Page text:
While Paris is beautiful and rich in history, art, and culture, it tends to overshadow other parts of France. You’ve probably heard of Nice, the largest city in the French Riviera, and today we want to delve deeper into its culture and explore more than its turquoise water beaches.
Also called Nice la Belle (Nice the Beautiful), its Mediterranean climate and fine landscapes made it a popular vacationing spot to escape brutal winters by the English upper class in the later half of the 18th century. Nice boasts one of the warmest climates in the Mediterranean compared to its latitude, typically promising year-round sunshine. The beautiful city truly has something for everyone, whether it be lone travelers, families, or couples. With an ideal blend of old-world charm and modern day bustle, along with a strong art scene, active night-life, and unbeatable location, Nice is sure to impress.
Promenade des Anglais (The English Walk-way)
Spanning the coastal border of Nice, Le Promenade des Anglais offers a panoramic view of the Mediterranean coastline by foot, bicycle, or any other means of non-motorized transport you fancy. The promenade is dawned with iconic blue chairs and cabanas for relaxing and enjoying the sites. Several carnivals take place along the promenade during the year, drawing all attention to the coastline. Le Promenade des Anglais is the perfect starting spot for tourists to branch off towards other attractions. Wondering where is got its name? The rich Englishmen who vacationed on the beaches of Nice during the colder months suggested that a walkway be constructed to keep the beggars away from the shore.
Vielle Ville (Old Town)
Vielle Ville, one of Nice’s top attractions, offers a quaint and picturesque outing, adorned with historical sights, fantastic restaurants, and baroque vibe. Perfect for strolling and getting lost, Vielle Ville promises excitement both day and night. Wind your way through the narrow alley-ways and discover all the hidden gems along the way. While you’re there, make sure to try Nice’s national dish, socca; a pancake made from chick pea flour, olive oil, water, and lots of black pepper, baked on a cast-iron pan.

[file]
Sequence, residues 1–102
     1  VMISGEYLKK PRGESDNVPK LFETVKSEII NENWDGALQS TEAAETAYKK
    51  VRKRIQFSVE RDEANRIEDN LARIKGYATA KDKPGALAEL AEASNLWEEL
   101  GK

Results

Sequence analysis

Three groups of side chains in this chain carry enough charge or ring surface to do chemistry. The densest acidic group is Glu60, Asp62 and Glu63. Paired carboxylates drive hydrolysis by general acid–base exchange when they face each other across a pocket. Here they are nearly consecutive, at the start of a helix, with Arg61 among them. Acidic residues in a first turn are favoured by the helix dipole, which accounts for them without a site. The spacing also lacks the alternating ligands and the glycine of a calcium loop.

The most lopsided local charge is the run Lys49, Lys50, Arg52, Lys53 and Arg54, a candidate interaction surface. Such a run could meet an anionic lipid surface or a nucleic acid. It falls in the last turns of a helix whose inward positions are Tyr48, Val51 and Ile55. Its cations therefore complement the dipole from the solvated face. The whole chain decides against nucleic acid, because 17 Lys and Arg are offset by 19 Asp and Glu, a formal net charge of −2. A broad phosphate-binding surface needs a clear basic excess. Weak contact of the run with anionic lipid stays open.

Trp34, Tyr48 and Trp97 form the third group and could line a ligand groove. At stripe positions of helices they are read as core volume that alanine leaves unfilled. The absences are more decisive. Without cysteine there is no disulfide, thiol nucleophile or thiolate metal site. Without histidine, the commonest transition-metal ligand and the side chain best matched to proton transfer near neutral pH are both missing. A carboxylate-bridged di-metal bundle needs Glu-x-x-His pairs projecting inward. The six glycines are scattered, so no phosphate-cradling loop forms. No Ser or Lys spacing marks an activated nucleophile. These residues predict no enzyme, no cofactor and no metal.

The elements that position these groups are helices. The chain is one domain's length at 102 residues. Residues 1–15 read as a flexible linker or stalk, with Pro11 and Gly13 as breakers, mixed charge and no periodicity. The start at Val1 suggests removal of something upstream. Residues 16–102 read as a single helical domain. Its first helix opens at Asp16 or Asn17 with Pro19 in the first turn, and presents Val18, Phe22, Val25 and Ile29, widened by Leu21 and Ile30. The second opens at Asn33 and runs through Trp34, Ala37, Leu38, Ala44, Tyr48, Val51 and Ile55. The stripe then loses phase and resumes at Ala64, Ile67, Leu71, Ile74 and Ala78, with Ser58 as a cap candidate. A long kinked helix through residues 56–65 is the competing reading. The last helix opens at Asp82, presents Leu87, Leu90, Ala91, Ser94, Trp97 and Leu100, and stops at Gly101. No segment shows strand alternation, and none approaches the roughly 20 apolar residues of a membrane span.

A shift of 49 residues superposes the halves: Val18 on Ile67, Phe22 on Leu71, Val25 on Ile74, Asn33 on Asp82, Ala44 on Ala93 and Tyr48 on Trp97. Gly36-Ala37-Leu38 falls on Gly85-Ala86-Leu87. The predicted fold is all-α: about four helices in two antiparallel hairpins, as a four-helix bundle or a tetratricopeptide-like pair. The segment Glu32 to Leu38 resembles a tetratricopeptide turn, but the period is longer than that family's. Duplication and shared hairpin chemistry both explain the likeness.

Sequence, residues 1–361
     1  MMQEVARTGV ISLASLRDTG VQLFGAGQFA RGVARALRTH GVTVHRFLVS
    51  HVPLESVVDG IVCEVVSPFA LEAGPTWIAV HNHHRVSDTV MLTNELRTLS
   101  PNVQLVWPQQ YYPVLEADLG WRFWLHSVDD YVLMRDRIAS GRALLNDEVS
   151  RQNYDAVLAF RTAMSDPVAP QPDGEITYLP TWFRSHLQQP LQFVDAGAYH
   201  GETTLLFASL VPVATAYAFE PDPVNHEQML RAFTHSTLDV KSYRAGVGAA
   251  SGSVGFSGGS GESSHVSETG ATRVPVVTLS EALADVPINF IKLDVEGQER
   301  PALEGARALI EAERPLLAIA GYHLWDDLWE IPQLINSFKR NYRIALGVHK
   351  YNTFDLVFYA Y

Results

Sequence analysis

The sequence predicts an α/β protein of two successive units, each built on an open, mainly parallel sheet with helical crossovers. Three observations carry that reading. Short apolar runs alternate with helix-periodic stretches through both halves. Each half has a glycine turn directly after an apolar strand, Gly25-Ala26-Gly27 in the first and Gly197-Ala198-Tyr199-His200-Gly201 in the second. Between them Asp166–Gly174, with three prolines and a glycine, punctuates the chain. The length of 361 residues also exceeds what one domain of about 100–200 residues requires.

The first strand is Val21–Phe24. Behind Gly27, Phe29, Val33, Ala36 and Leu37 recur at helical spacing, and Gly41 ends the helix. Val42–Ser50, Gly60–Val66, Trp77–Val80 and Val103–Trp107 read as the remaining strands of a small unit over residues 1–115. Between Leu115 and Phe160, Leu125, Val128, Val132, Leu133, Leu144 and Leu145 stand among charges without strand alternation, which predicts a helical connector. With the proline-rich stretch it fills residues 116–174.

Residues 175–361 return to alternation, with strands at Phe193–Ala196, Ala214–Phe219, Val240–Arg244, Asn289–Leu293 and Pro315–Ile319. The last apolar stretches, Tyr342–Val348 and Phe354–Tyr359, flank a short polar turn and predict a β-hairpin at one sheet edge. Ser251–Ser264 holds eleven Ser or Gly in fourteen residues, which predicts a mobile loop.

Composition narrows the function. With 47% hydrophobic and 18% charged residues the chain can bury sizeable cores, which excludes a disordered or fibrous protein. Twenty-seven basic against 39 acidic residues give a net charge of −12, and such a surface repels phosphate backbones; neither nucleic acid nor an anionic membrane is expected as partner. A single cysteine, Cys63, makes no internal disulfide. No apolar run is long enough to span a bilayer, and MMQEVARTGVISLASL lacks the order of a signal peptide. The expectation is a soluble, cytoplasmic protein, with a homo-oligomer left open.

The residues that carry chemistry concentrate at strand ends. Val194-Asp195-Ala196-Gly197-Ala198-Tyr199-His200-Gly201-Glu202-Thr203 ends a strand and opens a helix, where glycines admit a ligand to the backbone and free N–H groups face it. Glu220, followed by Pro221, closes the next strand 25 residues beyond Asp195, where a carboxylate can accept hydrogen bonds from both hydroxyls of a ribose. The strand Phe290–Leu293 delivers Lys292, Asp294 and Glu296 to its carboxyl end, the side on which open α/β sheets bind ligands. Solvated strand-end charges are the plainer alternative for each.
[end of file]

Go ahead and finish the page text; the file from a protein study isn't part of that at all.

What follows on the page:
While exploring Vielle Ville, take a peek at Cours Saleya, a colorful fruit, vegetable, and flower market. On Mondays, you will find a bustling antique show. Make sure to get there (very) early!
We can’t boast about Nice without paying proper respect to its famous beaches. Sprinkled along the Bay of Angels, a distance of nearly 10km, the eye effortlessly travels along the curved shoreline bordered by turquoise waters and colourful building façades. You won’t find sand on these beaches however; the beaches of Nice are composed of smooth pebbles, transported from the mountains by three main river ways. So no, you can’t enjoy long walks on the beach, but as previously mentioned, that’s what the Promenade des Anglais is for! While many of the beaches are private and come at a cost, there are also several public beaches to take advantage of. Don’t forget your chair!
The Marc Chagall Museum, founded in 1973, is home to the best works of the Russian-French artist. The museum has a strong biblical theme, inspired by Chaggal’s religious and spiritual beliefs. Even for the non-religious types, this museum impresses with its stained glass works, sculptures, and paintings. The museum is not too grandiose, making it easy to explore the entire collection.
Devoted the the French Painter, Henri Matisse, this museum is simply picturesque. Of course, the works of Matisse are beautiful and always conjure up a crowd, but the museum is also equally as beautiful from an outside perspective. Matisse didn’t spend all his waking hours creating; he also enjoyed the simple pleasures of wining, dining, and outdoor living. His lively pieces are evocative of his life experiences. The French painter lived and worked in Nice between 1917 to 1954, and was heavily inspired by the landscape of the beautiful city.
Musée Terra Amata
Originally a prehistoric beach, Terra Amata is now an open-air archeological site located on Nice’s Mont Boron. Evolution buffs will find this site particularly exciting; tools dating from the Paleolithic age were discovered at this site, strongly suggesting that some of the earliest civilizations lived in what is now Nice, some 400,000 years ago. It is also hypothesized that the first discoveries of fire were made on this location. This attraction is great for kids and adults alike, and (bonus) is free of charge.
The fashion culture in Nice, as in the rest of the French Riviera is evocative of a nautical, European coastline vibe. Think typical French fashion, but with more skin. Loose-fitting and flowy garments, which are none-the-less sexy, are typically adorned, and accessorized with a chic sun-hat and casual slip-on sandals. Stripped patterns are always classic, as are lightweight cottons and linens. Look for styles which are predominantly white with a pop of vibrant colour. When in doubt, blues, reds, and whites are always in! We like to think of Nice fashion culture as beachy-ready, but with extra sophistication. Beachy-chic? Parfait.
Have you been to Nice?